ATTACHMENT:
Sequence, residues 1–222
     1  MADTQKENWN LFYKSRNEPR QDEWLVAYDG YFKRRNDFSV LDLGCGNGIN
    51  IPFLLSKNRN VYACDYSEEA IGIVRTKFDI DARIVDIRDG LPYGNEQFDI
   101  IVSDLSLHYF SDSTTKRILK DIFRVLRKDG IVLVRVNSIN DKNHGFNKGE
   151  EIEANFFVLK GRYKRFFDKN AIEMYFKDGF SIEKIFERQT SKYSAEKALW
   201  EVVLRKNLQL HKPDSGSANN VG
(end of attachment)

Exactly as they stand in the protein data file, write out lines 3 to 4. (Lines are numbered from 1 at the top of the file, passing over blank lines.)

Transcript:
    51  IPFLLSKNRN VYACDYSEEA IGIVRTKFDI DARIVDIRDG LPYGNEQFDI
   101  IVSDLSLHYF SDSTTKRILK DIFRVLRKDG IVLVRVNSIN DKNHGFNKGE